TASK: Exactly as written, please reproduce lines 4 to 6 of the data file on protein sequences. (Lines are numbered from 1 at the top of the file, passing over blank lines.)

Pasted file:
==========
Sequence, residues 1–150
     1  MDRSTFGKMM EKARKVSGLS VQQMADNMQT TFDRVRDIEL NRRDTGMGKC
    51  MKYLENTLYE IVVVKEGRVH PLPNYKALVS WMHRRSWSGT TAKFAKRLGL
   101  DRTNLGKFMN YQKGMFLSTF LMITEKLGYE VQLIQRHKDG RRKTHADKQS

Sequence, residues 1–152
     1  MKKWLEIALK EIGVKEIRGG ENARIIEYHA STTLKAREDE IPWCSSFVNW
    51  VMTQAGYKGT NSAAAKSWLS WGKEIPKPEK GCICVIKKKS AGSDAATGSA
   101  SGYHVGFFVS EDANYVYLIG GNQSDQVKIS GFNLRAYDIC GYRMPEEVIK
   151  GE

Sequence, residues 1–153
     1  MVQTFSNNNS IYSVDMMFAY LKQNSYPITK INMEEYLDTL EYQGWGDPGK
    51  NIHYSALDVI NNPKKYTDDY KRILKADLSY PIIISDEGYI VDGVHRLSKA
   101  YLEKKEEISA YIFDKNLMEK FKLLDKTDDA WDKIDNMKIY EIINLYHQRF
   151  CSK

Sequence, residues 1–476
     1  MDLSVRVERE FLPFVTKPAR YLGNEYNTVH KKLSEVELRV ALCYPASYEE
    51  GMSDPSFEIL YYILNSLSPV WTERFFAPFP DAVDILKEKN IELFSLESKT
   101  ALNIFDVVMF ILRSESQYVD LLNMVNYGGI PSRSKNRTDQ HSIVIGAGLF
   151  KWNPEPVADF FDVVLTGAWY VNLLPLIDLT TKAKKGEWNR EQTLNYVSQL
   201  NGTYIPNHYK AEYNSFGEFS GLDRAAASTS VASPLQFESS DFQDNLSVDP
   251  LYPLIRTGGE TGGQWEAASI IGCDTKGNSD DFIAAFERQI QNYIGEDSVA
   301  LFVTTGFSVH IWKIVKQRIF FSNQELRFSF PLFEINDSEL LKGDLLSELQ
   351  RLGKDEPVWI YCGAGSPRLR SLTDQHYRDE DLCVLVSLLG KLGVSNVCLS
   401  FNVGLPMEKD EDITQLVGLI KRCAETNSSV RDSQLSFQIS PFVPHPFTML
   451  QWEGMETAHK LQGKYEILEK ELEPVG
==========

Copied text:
   101  DRTNLGKFMN YQKGMFLSTF LMITEKLGYE VQLIQRHKDG RRKTHADKQS

Sequence, residues 1–152
     1  MKKWLEIALK EIGVKEIRGG ENARIIEYHA STTLKAREDE IPWCSSFVNW